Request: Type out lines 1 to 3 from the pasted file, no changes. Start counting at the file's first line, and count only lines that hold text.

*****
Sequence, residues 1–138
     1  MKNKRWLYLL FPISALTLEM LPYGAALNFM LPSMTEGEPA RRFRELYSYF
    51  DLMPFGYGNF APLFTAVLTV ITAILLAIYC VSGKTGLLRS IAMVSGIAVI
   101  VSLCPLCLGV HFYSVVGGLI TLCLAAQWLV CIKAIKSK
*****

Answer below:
Sequence, residues 1–138
     1  MKNKRWLYLL FPISALTLEM LPYGAALNFM LPSMTEGEPA RRFRELYSYF
    51  DLMPFGYGNF APLFTAVLTV ITAILLAIYC VSGKTGLLRS IAMVSGIAVI